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World map, rail gauge by region

Minimum-gauge railways have a gauge of most commonly 15 in (381 mm),[1] 400 mm (15 34 in), 16 in (406 mm), 18 in (457 mm), 500 mm (19 34 in) or 20 in (508 mm). The notion of minimum-gauge railways was originally developed by estate railways[1] and the French company of Decauville for industrial railways, mining, and farming applications.[2]


The term was originally conceived by Sir Arthur Percival Heywood who used it in 1874 to describe the principle behind his Duffield Bank Railway, specifically its 15 in (381 mm) gauge, distinguishing it from a "Narrow Gauge" railway. Having previously built a small railway of 9 in (229 mm) gauge, he settled on 15 in (381 mm) as the minimum that he felt was practical.[1]

In general, minimum-gauge railways maximize their loading gauge, where the dimension of the equipment is made as large as possible with respect to the track gauge while still providing enough stability to keep it from tipping over. Minimum-gauge railways allowed for ease of mobility on battlefields, mines, and other restricted environments.

A number of 18 in (457 mm) gauge railways were built in Britain to serve ammunition depots and other military facilities, particularly during the First World War.

In France, Decauville produced a range of portable track railways running on 400 mm (15 34 in) and 500 mm (19 34 in) tracks, most commonly in restricted environments such as underground mine railways, parks and farms.[2]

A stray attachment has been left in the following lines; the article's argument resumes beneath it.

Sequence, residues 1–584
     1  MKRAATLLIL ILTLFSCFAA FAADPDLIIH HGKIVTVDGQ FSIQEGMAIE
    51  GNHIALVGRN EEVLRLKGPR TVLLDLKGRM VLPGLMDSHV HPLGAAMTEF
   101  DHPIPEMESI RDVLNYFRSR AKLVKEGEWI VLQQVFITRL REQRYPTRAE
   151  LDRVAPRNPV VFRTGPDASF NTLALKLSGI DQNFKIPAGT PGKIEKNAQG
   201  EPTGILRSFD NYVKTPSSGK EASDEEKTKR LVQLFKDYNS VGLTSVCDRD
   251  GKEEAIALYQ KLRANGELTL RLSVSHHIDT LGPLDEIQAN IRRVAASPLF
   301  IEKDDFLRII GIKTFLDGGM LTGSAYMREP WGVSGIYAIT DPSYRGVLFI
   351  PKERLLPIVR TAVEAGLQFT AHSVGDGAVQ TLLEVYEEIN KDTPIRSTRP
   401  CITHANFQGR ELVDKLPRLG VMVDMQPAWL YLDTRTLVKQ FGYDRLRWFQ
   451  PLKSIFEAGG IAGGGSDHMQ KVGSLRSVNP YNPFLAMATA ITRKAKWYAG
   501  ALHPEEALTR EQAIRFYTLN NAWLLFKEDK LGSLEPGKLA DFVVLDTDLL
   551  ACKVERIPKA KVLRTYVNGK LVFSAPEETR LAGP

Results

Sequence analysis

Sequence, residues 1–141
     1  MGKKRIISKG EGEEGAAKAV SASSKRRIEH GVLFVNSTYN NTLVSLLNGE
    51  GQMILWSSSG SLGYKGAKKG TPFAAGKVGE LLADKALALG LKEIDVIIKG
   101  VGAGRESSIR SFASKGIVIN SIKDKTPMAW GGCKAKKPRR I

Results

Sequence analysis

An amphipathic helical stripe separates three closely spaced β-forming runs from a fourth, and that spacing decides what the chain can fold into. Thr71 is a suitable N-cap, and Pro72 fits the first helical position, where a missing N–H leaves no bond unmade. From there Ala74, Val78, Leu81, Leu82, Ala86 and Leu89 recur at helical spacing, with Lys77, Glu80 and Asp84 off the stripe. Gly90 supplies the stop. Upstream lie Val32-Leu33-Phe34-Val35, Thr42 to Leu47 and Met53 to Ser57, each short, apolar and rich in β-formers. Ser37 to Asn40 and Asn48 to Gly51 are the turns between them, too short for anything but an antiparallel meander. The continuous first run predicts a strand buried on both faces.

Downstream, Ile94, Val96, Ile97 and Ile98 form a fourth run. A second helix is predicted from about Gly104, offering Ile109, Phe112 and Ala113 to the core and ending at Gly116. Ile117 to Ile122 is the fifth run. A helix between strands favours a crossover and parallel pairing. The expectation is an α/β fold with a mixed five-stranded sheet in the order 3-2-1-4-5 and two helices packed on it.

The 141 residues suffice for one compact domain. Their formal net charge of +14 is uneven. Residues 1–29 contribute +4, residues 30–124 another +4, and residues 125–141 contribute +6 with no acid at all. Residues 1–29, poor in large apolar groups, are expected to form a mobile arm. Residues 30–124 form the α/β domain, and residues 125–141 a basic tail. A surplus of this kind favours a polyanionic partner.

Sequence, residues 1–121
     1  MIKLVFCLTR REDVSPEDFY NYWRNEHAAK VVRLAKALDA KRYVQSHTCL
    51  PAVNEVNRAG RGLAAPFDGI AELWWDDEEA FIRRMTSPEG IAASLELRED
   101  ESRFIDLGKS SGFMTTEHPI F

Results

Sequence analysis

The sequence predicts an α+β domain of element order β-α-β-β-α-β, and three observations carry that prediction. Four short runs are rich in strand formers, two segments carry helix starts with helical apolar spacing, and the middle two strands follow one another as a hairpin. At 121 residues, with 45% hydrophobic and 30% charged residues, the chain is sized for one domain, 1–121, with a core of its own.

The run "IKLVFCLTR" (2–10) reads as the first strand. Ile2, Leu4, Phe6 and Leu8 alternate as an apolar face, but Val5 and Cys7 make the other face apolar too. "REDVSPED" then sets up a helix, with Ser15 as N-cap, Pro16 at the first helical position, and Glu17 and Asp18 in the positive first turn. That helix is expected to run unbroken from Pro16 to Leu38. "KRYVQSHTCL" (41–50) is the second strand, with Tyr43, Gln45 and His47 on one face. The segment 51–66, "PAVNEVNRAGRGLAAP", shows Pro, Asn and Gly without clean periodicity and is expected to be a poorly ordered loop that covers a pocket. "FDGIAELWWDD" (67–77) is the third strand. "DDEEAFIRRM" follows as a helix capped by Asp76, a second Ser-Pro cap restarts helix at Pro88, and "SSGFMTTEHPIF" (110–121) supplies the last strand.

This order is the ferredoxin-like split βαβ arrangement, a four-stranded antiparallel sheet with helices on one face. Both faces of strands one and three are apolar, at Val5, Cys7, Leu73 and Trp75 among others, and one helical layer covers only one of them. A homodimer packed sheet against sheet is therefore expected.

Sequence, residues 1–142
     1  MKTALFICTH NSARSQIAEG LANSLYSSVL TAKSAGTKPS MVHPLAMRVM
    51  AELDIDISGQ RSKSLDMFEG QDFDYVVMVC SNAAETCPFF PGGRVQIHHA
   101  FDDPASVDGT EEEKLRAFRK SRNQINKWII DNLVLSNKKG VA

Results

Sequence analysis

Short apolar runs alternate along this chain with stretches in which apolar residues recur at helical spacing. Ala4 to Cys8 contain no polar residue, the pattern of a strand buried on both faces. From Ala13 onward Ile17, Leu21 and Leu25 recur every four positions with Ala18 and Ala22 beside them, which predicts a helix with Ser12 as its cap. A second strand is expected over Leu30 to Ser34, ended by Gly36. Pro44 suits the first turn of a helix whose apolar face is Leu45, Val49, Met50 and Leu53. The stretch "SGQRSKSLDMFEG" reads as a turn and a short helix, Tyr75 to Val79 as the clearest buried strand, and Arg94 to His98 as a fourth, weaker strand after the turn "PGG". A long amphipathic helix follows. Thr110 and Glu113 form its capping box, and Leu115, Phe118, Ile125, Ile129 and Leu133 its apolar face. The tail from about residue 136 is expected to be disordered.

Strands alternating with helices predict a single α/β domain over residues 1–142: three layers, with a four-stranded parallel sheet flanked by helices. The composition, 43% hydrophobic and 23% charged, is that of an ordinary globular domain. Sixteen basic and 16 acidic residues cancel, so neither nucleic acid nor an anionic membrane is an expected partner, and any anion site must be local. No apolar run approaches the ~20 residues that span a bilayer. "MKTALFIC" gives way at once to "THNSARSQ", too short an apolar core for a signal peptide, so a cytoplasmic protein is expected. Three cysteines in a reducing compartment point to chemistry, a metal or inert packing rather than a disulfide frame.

During World War II, it was proposed to expedite the Yunnan–Burma Railway using 400 mm (15 34 in) gauge, since such a small gauge can have the tightest of curves in difficult terrain.[3]

Distinction between a ridable miniature railway and a minimum-gauge railway

The major distinction between a miniature railway (USA: 'riding railroad' or 'grand scale railroad') and a minimum-gauge railway is that miniature lines use models of full-sized prototypes. There are miniature railways that run on gauges as wide as 2 ft (610 mm), for example the Wicksteed Park Railway. There are also rideable miniature railways running on extremely narrow tracks as small as 10 14 in (260 mm) gauge, for example the Rudyard Lake Steam Railway. Around the world there are also several rideable miniature railways open to the public using even narrower gauges, such as 7 14 in (184 mm) and 7 12 in (190.5 mm).

Generally minimum-gauge railways have a working function as estate railways, or industrial railways, or providers of public transport links; although most have a distinct function in relation to tourism, and depend upon tourism for the revenue to support their working function.


Railway Gauge
Fidalgo City and Anacortes Railway 18 in (457 mm)
Bicton Woodland Railway 18 in (457 mm)
See Fifteen-inch gauge railway 381 mm (15 in)
Geriatriezentrum am Wienerwald Feldbahn 500 mm (19 34 in)
Jardin d'Acclimatation railway 500 mm (19 34 in)
Meadows and Lake Kathleen Railroad 18 in (457 mm)
Petit train d'Artouste 500 mm (19 34 in)
Royal Arsenal Railway 18 in (457 mm)
Sand Hutton Light Railway 18 in (457 mm)
Southern Fuegian Railway 500 mm (19 34 in)
Steeple Grange Light Railway 18 in (457 mm)
Tarn Light Railway 500 mm (19 34 in)[4]

See also


  1. ^ a b c Heywood, A.P. (1974) [1881, Derby: Bemrose]. Minimum Gauge Railways. Turntable Enterprises. ISBN 0-902844-26-1. 
  2. ^ a b Douglas J. Puffert (2009). Tracks across continents, paths through history: the economic dynamics of standardization in railway gauge. Chicago: The University of Chicago Press. p. 186. ISBN 978-0-226-68509-0. .
  3. ^ "TOY RAILWAY". The Northern Standard. Darwin, NT: National Library of Australia. 8 December 1939. p. 15. Retrieved 5 December 2011. 
  4. ^ fr:Chemin de fer touristique du Tarn and Antique ferrier of Tannerre-en-Puisaye